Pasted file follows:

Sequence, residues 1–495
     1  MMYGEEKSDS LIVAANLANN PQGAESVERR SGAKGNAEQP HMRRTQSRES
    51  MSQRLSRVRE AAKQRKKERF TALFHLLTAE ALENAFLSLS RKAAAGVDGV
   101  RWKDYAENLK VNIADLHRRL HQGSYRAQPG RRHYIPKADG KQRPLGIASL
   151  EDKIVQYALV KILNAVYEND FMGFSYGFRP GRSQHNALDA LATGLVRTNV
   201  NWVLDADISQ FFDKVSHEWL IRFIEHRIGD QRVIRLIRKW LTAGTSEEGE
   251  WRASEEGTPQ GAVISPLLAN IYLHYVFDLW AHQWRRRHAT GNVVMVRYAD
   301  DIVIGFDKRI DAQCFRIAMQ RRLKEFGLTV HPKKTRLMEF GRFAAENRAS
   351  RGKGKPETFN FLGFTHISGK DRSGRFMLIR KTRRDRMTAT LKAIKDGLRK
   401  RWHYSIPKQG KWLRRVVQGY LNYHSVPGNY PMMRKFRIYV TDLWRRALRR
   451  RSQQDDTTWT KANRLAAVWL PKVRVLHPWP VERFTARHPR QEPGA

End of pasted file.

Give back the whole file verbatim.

Sequence, residues 1–495
     1  MMYGEEKSDS LIVAANLANN PQGAESVERR SGAKGNAEQP HMRRTQSRES
    51  MSQRLSRVRE AAKQRKKERF TALFHLLTAE ALENAFLSLS RKAAAGVDGV
   101  RWKDYAENLK VNIADLHRRL HQGSYRAQPG RRHYIPKADG KQRPLGIASL
   151  EDKIVQYALV KILNAVYEND FMGFSYGFRP GRSQHNALDA LATGLVRTNV
   201  NWVLDADISQ FFDKVSHEWL IRFIEHRIGD QRVIRLIRKW LTAGTSEEGE
   251  WRASEEGTPQ GAVISPLLAN IYLHYVFDLW AHQWRRRHAT GNVVMVRYAD
   301  DIVIGFDKRI DAQCFRIAMQ RRLKEFGLTV HPKKTRLMEF GRFAAENRAS
   351  RGKGKPETFN FLGFTHISGK DRSGRFMLIR KTRRDRMTAT LKAIKDGLRK
   401  RWHYSIPKQG KWLRRVVQGY LNYHSVPGNY PMMRKFRIYV TDLWRRALRR
   451  RSQQDDTTWT KANRLAAVWL PKVRVLHPWP VERFTARHPR QEPGA